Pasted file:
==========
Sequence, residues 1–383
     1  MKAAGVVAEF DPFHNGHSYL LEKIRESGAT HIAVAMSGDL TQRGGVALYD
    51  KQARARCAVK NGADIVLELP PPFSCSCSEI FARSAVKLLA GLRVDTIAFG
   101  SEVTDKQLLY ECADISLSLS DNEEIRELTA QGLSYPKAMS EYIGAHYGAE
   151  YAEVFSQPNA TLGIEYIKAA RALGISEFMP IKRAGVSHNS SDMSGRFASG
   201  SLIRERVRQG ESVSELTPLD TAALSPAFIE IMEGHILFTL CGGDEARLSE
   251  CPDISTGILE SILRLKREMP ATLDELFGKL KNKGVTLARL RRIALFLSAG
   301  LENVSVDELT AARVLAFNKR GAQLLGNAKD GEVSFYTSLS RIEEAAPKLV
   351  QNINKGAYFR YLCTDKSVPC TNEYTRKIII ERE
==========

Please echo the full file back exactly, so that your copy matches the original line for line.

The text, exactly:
Sequence, residues 1–383
     1  MKAAGVVAEF DPFHNGHSYL LEKIRESGAT HIAVAMSGDL TQRGGVALYD
    51  KQARARCAVK NGADIVLELP PPFSCSCSEI FARSAVKLLA GLRVDTIAFG
   101  SEVTDKQLLY ECADISLSLS DNEEIRELTA QGLSYPKAMS EYIGAHYGAE
   151  YAEVFSQPNA TLGIEYIKAA RALGISEFMP IKRAGVSHNS SDMSGRFASG
   201  SLIRERVRQG ESVSELTPLD TAALSPAFIE IMEGHILFTL CGGDEARLSE
   251  CPDISTGILE SILRLKREMP ATLDELFGKL KNKGVTLARL RRIALFLSAG
   301  LENVSVDELT AARVLAFNKR GAQLLGNAKD GEVSFYTSLS RIEEAAPKLV
   351  QNINKGAYFR YLCTDKSVPC TNEYTRKIII ERE